Our industry forged a more secure future in 2023 by tackling challenges that shook our very foundations.
The regulatory uncertainty continued this year, creating enormous uncertainty. But for the most part, we’ve managed to overcome these obstacles. It serves as a reminder to us that sanity must prevail, even in the most chaotic and threatening situations.
This experience has made us more patient, in a way. I hope that this will be baked into our business, as it seems we will require this patience in future, not only for our individual businesses but to face the challenges to our industry.
There is no room for complacency. We have decided to question the way things are being done in the industry and are more convinced than ever that our approach to modernising the industry via automation is the most sustainable one.
We understand this is a difficult challenge, especially for an industry struggling to head back to profitability. In our view, the investment must be seen as a necessity to safeguard the future.
Looking at the financial markets, it’s clear that interest rates will remain high for longer, and that a potential recession is still on the horizon. This would give any person sufficient reason to discount, or even discard, the idea of modernising their infrastructure. This is a trap we saw many years ago, before making our own decision to modernise our production facilities. We had all the reasons not to do it: a weakening market, increased costs, diminishing profitability, and uncertainty (the process started when we were still in lockdown).
It was a leap of faith, but we realised that without adequate facilities, the future of our business would be under threat.
This premonition is coming true, as we are seeing ongoing changes to legislation requiring safer, cleaner, and better working environments. It also helped us in optimising our production, which is having a financial benefit, as material management is much more precise than previously. Our material is weighted in units as precise as 100g, which is remarkable, considering that we are working in hundreds of metric tons.
In this light, we’re very excited to have moved further with our offering to customers of the Protreat automated treatment plant. This builds on the technology we developed at our own automated plants in Mossel Bay and Sabie; probably the most modern production facilities in Africa and among the best globally, positioning us as a company of the future.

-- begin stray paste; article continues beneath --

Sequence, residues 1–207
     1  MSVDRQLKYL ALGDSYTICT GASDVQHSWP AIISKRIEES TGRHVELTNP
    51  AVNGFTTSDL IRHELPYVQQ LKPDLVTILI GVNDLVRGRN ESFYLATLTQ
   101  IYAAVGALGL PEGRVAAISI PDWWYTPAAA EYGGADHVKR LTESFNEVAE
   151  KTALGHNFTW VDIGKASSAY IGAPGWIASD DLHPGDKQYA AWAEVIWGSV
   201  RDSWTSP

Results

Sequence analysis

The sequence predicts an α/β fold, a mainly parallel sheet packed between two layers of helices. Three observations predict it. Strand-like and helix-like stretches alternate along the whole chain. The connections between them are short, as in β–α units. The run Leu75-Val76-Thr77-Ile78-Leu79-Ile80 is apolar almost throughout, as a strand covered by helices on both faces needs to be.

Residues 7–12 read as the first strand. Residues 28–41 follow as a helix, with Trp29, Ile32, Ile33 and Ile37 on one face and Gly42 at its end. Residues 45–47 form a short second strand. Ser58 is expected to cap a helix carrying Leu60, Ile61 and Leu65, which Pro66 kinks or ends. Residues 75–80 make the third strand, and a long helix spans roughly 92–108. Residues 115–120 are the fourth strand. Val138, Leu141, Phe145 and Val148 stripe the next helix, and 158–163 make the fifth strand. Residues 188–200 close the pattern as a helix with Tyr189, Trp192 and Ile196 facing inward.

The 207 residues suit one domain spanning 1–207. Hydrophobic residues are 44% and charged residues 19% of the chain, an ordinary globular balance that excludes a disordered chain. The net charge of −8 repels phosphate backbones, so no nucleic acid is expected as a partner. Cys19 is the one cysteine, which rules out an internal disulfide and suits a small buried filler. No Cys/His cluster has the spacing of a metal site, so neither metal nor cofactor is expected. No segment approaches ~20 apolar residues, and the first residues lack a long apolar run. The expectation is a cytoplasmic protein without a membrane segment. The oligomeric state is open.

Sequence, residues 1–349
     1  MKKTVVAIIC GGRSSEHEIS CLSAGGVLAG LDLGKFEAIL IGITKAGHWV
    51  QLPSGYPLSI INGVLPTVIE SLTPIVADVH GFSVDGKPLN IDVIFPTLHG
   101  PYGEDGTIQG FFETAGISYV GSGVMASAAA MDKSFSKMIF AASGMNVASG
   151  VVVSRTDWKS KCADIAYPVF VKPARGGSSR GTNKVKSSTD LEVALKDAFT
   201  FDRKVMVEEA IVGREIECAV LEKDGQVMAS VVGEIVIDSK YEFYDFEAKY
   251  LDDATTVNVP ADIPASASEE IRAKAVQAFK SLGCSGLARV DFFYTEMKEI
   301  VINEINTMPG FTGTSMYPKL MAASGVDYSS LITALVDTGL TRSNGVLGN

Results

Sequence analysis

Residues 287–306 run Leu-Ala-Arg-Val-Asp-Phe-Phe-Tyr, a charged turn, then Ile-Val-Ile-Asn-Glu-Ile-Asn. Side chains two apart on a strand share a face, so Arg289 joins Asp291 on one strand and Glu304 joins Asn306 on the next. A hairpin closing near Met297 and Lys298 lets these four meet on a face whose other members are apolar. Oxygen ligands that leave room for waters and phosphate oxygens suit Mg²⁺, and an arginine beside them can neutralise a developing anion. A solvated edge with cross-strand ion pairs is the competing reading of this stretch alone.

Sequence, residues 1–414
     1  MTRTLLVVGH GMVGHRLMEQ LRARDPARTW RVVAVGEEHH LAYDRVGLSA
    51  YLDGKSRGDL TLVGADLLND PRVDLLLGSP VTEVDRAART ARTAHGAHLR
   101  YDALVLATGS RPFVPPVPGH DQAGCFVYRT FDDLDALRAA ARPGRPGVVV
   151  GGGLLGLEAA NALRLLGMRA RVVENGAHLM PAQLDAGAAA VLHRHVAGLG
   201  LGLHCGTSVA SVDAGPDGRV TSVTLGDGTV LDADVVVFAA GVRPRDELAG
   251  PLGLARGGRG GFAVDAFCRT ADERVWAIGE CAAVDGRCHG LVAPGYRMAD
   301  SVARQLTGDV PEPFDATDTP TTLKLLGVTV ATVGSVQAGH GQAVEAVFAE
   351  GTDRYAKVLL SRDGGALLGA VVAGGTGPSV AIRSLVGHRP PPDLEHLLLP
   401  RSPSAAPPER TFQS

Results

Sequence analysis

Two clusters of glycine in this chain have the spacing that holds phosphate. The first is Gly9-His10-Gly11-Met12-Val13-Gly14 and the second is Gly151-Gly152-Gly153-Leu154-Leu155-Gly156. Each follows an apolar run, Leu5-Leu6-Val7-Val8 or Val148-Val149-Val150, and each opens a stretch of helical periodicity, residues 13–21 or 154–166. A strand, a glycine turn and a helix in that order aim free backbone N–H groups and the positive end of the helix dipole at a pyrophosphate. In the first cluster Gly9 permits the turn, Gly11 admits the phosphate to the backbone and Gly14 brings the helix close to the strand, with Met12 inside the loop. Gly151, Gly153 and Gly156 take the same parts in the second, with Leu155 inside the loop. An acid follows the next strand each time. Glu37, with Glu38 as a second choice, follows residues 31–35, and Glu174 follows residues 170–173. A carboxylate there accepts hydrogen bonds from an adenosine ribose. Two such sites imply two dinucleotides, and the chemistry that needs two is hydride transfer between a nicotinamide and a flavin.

Our Protreat plant will add value to the industry, bringing not just ease of use but also ease of compliance with the standards governing timber treatment, providing evidence of quality treated timber.
In short, Protreat will prepare our customers, too, for the future.
Dolphin Bay is working on some add-ons to the Protreat plant, which we look forward to bringing to your attention next year.
We’ve introduced a customer credit exposure model, to help our customers manage shipments in relation to cash flow and are pleased that almost all our customers have signed on, seeing the model’s value.
Inward reflection was unexpected and necessary this year. We were under the false impression that we supply only to reputable companies which have the industry’s best interests at heart. It turns out this was false – but a welcome reality check.
We always prefer to know the truth. To us, it’s like taking a stroll down a river, admiring the scenery, and picking up rocks to see what is beneath them, even if it’s unpleasant.
Boy, what a walk it’s been!
Self-sabotaging undercurrents have always existed in our industry. This year, they grew and became clearly apparent. This made us question a number of our decisions.
The motive of these companies was doubtless to cut their own costs in tight economic conditions; the consequence was to threaten our industry’s future. It is good that the industry has started taking ownership of the problem, but this is only the start. Dolphin Bay has vowed to do our part by not supplying operations that are deliberately non-compliant, and we will continue to promote our Quality Pledge as a way of ensuring high standards.
Our foreign markets have remained remarkably resilient, considering their challenges. Markets abroad have experienced a severe shortage of liquidity in a variety of foreign exchanges: Dollars, Euros and Rands. This is of great concern to us, as it makes the future uncertain and the planning of shipments to our customers difficult. The risk has become so severe that the industry might soon be moving towards secure forms of payment, either a letter of credit or cash before shipment.
To cope with the problem, we’ve introduced a credit exposure model, which helps our customers manage additional shipments in relation to their cash flow. We’re pleased that almost all our customers see the value of and have signed on to the model.
The guiding principle
Those working in our industry are by tradition humble people: foresters, woodcutters and conservationists, whose livelihoods depend upon their respect for the long-term cycles of nature.
After writing this letter and reflecting on all the events of this years, I find myself appreciating the foundation of our industry and its long-term focus. I’m keeping in mind that many of the trees that are planted now will not serve this generation, but the generation to come. It’s a guiding principle in our decision-making.
I wish you all a restful and restorative Christmas season.